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Traveling and staying connected during cancer treatment

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Margaret with two sons in train stations posrt 2.JPGBy Margaret Rose

This is a continuation of yesterday's post on traveling to MD Anderson for pancreatic cancer treatment.

I'm fortunate to have a strong network of friends and family who've stuck with me since my initial diagnosis

When they heard I would be away from home for seven weeks for radiation therapy, they asked if I could handle being alone, away from my local support network.

In response, I arranged for family and friends to spend week-long shifts with me in Houston.

Even though I was never so sick that I couldn't take care of myself physically, I did need the emotional and mental support my family and friends provided.

I needed someone to help me process the information and emotional overload that I was experiencing, someone to encourage me to go out and take a walk or eat a healthy snack, someone to make a quick trip to the supermarket, or someone to say, "Why don't we rent a car and explore Austin or Galveston?"

Without one of my friends, children or siblings, I'm afraid I would've fallen victim to depression or general lethargy.

I'm lucky they sacrificed their own personal time and money to stay with me.

Planning my trip to Houston
The most obvious question when considering a seven-week stay in another city was where to stay.

I chose the Rotary House International hotel, located just a skywalk away from the hospital and radiation therapy clinic. Since I wouldn't have a car in Houston, this was more convenient than other housing options.

I also liked that Rotary House offers room options that meet the requirements for both a short stay (two beds) and a longer stay (a small suite  with a larger kitchenette).   

Keeping costs to a minimum
Since I was paying for lodging, the financial burden on my caregivers was limited to the expenses of airfare and meals.

We were generally frugal in our meal planning and used the hotel shuttle to make weekly trips to the local grocery store to buy food that we could prepare in our kitchenette.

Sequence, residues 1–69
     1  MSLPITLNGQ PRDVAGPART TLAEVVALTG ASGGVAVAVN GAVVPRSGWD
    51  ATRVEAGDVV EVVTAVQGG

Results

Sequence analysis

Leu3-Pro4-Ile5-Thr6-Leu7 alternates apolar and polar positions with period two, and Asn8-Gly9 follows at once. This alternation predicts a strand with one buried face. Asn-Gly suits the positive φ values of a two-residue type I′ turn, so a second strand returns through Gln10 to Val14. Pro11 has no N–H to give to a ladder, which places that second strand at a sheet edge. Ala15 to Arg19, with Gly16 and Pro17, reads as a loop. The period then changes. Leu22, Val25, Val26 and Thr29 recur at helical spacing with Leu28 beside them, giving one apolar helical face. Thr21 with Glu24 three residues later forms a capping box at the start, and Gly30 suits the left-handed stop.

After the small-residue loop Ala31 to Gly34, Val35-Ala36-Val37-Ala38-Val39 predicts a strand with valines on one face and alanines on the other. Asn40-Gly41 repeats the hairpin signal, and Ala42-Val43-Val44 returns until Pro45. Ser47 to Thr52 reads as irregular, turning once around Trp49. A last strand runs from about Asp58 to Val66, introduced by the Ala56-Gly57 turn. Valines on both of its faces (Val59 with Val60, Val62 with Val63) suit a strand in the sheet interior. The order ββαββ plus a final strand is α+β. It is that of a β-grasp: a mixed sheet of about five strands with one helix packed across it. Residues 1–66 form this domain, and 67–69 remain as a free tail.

We learned more about the art and science of preparing food in a microwave than we ever knew possible.

A virtual community
Throughout my stay in Houston, I communicated with my friends and family back home frequently.

I was attached to the Internet. Emails were my preferred method to stay in touch.

For me, phone calls that required the frequent repetition of my latest tests or side effects were mentally draining. So, I also set up a blog on Caring Bridge.

This way, I could write down everything and my friends can choose to receive the updates. And, they could write me back and offer words of comfort and support, creating a virtual community of encouragement and goodwill.

Reevaluating priorities

A diagnosis of cancer or any life-threatening disease can make you review your priorities.

The statistics for pancreatic cancer are gloomy, to say the least. 

All of a sudden, my dream of saving up for a luxury retirement home took a back seat to the needs of my treatment.

I figured I had only one shot at fighting this disease, and I'd better get it right.

"Doing all that I can"
All in all, my complete care plan has depended on all aspects -- medical, financial, logistical and social -- working together to help me stay strong and confident that I'm doing all I can to fight my cancer. 

That knowledge alone gives me strength and hope.

Related story
Pancreatic cancer patient: Traveling to MD Anderson for treatment

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